In my psych class it was argued that anger is not a primary emotion, but rather a reaction. Decades later I read “The Anger Workbook” by Dr Les Carter.* He postulates that there are three primary sources of anger
1) preservation of essential needs
2) preservation of self esteem
3) preservation of core beliefs
Essential needs is your emotional reaction after you walk into the front room and see your child playing with matches near the drapes. Self-esteem, pretty obvious. Core beliefs, now that’s where things get tricky. What beliefs, standards, values or decisions do you insist on holding onto that infuriate you when the world doesn’t meet your expectations and work that way?
Where this gets all kinds of Venn diagram-ish is with the question of how much does our self-esteem and standards of essential needs tie in with our core beliefs? That’s a simple question, but it doesn’t have a simple answer. (The important part is to ask it, not the answer.)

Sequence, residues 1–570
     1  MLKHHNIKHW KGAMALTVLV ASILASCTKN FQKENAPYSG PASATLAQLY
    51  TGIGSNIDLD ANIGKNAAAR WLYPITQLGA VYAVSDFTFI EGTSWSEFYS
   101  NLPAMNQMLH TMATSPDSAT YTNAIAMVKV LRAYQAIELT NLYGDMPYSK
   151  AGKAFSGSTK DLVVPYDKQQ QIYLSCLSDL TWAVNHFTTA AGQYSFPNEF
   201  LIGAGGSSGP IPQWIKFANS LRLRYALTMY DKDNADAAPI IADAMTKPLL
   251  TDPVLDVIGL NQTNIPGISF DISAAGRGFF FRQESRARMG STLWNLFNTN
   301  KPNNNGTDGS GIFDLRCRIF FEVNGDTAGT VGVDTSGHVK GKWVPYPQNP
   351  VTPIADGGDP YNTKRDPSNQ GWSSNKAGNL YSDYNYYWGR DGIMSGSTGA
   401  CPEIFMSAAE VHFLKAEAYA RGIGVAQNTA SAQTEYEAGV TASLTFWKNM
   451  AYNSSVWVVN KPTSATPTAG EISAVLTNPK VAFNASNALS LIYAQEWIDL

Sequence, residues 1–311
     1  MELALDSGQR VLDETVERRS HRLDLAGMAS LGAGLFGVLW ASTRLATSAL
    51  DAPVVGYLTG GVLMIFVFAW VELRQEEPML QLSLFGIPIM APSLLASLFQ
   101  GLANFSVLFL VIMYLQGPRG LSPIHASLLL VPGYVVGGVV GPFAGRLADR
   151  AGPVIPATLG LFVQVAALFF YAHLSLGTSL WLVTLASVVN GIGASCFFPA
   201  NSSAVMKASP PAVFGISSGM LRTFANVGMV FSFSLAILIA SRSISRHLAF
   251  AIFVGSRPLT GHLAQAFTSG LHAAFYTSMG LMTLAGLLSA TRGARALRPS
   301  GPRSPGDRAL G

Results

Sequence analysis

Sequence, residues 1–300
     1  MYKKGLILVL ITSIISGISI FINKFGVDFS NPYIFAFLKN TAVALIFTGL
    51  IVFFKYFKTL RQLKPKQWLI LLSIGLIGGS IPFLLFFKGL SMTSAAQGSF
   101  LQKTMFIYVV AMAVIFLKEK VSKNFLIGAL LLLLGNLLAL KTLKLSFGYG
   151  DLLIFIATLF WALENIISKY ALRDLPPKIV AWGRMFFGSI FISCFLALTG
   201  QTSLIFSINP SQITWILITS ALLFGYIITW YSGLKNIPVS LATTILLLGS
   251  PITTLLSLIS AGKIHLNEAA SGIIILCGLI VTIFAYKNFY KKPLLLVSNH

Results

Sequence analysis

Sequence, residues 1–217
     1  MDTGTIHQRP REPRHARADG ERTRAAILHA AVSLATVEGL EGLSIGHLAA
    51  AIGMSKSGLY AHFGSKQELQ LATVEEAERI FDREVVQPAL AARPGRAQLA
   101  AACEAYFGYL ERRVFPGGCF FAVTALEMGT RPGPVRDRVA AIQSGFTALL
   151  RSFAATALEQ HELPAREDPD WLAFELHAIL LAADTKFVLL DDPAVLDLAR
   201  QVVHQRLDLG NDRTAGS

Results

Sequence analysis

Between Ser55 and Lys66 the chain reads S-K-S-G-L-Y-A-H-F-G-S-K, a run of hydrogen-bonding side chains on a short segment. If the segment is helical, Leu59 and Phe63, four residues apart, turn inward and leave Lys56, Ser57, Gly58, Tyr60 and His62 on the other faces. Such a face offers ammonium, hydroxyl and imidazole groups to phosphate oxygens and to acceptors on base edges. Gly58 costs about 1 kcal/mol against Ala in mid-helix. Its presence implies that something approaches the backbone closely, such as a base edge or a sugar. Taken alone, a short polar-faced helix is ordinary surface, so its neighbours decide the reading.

Fear and hatred are also strongly associated with these three. How much anger, fear and hatred stems from a person refusing to adjust his or her core beliefs about what life is when the world doesn’t live up to his/her expectations. How much anger, fear and hatred comes from the core belief that the world is out to get him/her and said person lacks the resources to handle it because of (insert reason here)? How many people are infuriated because they ‘don’t think they should have to (fill in the blank)? But more than that how many people are furious at the world — not because the world is what it is — but because the world dares to defy them?
Just a few things to consider.
*If you read this book fair warning, it is written from a Christian perspective. You can use this information as encouragement to read it or a reason to dismiss it and not read it.